But to see the case as upholding a neutral policy that student groups should only receive funding if they allow all-comers is too simplistic. The pith of the issue turns around whether a public university's attempts to secure equality of access impede on a student group's free exercise of its beliefs (beliefs that by its very nature exclude other beliefs).
It is interesting to think about what an all-comers policy would mean, if taken to its logical conclusion. What would have happened had a political group, say Students United Against the Death Penalty, required students to be anti-death penalty in order to join? If Hastings enforced the "all-comers" policy, the anti-death penalty student group could be forced to admit a majority of students that support the death penalty. In effect, this could result in the silencing of the anti-death penalty students' expression, a serious First Amendment concern. For groups that are formed based on a shared group of beliefs, Alito astutely argued, "the consequence of an accept-all-comers policy is marginalization."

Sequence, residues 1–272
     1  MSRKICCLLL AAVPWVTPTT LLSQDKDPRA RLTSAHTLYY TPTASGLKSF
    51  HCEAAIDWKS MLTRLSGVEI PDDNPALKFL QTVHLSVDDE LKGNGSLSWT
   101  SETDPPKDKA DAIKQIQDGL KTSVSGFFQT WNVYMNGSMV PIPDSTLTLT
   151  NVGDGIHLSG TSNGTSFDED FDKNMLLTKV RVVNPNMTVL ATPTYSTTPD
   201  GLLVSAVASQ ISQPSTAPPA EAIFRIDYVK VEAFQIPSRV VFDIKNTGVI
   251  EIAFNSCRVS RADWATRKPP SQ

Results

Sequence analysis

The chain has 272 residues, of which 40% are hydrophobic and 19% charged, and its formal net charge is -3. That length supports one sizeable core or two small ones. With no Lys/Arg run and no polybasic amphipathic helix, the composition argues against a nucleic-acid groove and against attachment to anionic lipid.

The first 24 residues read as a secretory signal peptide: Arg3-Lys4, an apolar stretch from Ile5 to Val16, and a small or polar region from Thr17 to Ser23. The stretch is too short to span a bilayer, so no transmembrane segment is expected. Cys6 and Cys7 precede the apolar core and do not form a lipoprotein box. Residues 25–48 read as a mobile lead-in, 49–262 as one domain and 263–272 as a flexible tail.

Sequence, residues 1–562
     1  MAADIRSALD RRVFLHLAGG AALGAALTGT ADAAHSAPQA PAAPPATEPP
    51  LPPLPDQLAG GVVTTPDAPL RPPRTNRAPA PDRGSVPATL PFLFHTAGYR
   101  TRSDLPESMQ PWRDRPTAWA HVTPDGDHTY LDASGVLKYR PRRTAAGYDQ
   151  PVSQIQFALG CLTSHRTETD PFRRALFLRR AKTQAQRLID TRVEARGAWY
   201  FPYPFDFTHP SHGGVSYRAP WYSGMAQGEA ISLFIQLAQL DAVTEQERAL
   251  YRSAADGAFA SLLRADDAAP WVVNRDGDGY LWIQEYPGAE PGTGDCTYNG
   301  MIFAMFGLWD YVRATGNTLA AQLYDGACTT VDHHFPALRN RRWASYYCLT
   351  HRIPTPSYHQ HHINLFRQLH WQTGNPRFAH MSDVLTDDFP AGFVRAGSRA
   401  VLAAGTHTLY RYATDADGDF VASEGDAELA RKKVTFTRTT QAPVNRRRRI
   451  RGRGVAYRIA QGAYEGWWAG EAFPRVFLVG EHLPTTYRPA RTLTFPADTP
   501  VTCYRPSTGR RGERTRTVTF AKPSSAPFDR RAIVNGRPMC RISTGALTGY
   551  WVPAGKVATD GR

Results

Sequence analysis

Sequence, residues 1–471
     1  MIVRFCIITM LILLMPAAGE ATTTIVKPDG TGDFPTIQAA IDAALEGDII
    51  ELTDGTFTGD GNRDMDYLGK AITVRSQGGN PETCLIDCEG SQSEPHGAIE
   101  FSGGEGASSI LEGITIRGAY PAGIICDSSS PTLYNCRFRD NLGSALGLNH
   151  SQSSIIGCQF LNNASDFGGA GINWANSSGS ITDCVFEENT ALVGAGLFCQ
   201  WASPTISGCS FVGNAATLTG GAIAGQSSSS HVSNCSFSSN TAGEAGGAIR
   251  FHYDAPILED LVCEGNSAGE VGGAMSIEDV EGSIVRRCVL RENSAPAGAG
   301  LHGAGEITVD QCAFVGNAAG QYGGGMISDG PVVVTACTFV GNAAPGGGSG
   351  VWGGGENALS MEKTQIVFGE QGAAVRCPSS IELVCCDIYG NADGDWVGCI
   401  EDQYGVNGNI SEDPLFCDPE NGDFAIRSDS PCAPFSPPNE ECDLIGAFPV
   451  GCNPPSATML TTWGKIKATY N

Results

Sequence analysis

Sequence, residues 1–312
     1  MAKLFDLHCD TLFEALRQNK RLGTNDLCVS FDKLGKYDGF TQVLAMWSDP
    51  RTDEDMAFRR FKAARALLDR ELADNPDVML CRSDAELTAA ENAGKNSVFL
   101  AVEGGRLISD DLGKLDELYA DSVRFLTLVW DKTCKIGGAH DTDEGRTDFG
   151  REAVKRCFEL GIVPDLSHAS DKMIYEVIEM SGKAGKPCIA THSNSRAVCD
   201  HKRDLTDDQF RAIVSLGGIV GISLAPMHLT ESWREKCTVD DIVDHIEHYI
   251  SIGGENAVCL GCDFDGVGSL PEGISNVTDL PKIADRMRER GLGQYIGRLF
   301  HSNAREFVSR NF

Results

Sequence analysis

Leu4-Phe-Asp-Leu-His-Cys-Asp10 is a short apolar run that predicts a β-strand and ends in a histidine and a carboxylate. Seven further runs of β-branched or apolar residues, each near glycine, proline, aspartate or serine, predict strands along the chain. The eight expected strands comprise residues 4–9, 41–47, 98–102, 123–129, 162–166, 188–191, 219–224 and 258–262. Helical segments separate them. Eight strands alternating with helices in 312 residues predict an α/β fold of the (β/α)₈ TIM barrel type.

See the full ruling here.